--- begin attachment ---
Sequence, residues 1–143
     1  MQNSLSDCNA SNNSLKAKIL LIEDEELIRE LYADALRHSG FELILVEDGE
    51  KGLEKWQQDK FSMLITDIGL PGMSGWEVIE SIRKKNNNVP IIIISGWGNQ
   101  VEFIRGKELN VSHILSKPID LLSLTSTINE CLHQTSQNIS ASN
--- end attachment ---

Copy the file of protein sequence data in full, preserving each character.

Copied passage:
Sequence, residues 1–143
     1  MQNSLSDCNA SNNSLKAKIL LIEDEELIRE LYADALRHSG FELILVEDGE
    51  KGLEKWQQDK FSMLITDIGL PGMSGWEVIE SIRKKNNNVP IIIISGWGNQ
   101  VEFIRGKELN VSHILSKPID LLSLTSTINE CLHQTSQNIS ASN